While the overwhelming majority of individuals charged so far in connection with the deadly January 6th attack on the U.S. Capitol are unconnected to organized militias or other known extremist groups, a preliminary assessment conducted by researchers at George Washington University found they comprise a "hodgepodge" of individuals inspired by far-right ideologies.
Researchers at GWU's Program on Extremism analyzed the cases of 257 alleged participants the mob attack on the Capitol—inspired by former President Donald Trump and his lie that the 2020 presidential election was "stolen"—and found them to be a "heterogenous group."
The researchers divided the 257 individuals, who include 221 men and 36 women, into three groups: "militant networks," "organized clusters," and "inspired believers."
Militant networks, the report states, represent "the apex of organizational planning by domestic violent extremist groups for and on January 6th," and are "characterized by hierarchical organization and chains of command."
"Leaders of established domestic violent extremist groups issued orders or directives to members of their groups, encouraging them to travel to Washington in advance of the siege," the report states. "Unlike individuals in the other categories, not only did these militant networks plan to attend protests on the 6th, but they are also alleged to have planned in advance to breach the Capitol and, in many cases, conduct violence inside the walls of the building."
The second category, organized clusters, is "composed of small, close-knit groups of individuals who allegedly participated in the siege together, usually comprising family members, friends, and acquaintances."
"Finally, the remainder of the alleged siege participants can be categorized as inspired believers," the report says. "These individuals, according to available evidence, were neither participants in an established violent extremist group nor connected to any of the other individuals who are alleged to have stormed the Capitol."
"Inspired by a range of extremist narratives, conspiracy theories, and personal motivations, individual believers made up a significant portion of the crowd at the Capitol," it says.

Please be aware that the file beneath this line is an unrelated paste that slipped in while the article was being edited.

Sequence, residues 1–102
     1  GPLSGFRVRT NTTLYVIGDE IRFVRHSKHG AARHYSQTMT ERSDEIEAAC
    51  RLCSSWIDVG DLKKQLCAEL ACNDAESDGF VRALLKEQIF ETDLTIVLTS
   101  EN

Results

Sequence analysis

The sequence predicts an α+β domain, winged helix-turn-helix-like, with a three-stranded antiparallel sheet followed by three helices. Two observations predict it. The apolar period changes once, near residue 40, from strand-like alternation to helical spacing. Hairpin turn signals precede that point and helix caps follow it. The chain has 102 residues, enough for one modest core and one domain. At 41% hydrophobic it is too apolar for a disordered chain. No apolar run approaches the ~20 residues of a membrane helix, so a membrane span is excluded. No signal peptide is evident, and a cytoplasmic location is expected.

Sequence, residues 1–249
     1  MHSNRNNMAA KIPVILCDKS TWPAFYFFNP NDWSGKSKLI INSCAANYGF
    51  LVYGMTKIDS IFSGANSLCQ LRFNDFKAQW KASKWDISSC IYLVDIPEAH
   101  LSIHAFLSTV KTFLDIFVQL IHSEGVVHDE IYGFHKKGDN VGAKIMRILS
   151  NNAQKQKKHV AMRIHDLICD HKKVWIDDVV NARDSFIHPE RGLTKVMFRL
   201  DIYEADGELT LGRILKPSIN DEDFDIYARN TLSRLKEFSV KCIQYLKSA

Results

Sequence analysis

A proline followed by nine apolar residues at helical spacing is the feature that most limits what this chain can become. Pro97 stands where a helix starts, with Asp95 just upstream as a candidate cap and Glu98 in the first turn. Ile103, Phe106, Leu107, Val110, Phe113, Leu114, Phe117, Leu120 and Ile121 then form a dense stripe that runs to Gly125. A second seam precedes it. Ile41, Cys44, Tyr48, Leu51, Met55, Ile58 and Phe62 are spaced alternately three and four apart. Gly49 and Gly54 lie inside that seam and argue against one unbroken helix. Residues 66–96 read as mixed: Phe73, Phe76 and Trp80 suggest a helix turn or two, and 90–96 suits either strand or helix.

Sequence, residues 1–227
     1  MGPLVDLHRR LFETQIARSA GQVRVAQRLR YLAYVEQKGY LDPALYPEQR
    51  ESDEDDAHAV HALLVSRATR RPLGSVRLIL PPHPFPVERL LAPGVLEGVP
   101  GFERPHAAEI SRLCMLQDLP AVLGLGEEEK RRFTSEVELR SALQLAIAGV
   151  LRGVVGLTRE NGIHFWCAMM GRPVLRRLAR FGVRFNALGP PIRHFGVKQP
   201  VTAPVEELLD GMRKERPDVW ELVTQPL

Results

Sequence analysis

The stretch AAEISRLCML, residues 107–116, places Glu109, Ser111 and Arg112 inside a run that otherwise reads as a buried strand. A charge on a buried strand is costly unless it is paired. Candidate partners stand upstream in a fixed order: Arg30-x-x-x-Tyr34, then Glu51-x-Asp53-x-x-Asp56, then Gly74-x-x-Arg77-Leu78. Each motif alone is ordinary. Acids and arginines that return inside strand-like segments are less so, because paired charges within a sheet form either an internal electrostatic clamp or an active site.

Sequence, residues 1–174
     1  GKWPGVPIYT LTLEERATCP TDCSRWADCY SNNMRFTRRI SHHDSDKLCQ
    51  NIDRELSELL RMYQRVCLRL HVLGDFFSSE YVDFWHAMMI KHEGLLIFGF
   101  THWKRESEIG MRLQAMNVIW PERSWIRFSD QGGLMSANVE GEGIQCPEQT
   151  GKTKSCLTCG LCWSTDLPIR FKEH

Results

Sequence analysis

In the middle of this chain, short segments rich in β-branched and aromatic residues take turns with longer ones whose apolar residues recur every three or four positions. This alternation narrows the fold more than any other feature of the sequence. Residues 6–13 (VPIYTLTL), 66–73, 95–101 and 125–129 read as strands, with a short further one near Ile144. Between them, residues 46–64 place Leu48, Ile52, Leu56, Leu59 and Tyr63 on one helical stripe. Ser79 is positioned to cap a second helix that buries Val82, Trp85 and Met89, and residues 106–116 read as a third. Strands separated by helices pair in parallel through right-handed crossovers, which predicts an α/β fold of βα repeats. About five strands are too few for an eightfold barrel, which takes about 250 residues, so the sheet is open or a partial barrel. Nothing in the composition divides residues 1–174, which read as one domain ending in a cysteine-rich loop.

"Perhaps the most striking finding in this report is the range of far- and extreme-right actors who took part in the siege," the report states. "While such groups often splinter across various lines and form bitter rivalries with one another, it is clear that in some cases they have found enough common cause to mobilize together."
"The siege is not the first recent example of increased alliances among disparate right-wing groups in America," it continues. "The Charlottesville Unite the Right Rally in 2017, for example, while a different kind of event, also succeeded in bringing together a range of American groups over, among other things, their deeply-held conspiratorial anti-Semitism."
The report concludes:
The events of January 6th also allow us an opportunity to assess how the domestic violent extremist threat may take shape in the coming months and years, and if the siege may have some role in this. As law enforcement officials continue to identify and prosecute individuals involved in the storming of the Capitol on January 6th, new cases of domestic violent extremists inspired by the siege to conduct their own violent attacks have already emerged.
Since the siege, federal law enforcement arrested at least four individuals with links to domestic violent extremist ideologies—one involving a militia affiliate from Northern California and another involving two associates of the Boogaloo Boys in Kentucky, all of whom reportedly believed that the siege would spark a new civil war in the United States.
"Moving forward, it is highly likely that violent extremists of multiple ideological persuasions, inspired by the events of January 6th, 2021, will add to the already bloated federal domestic extremism caseload for prosecutors throughout the country," it warns.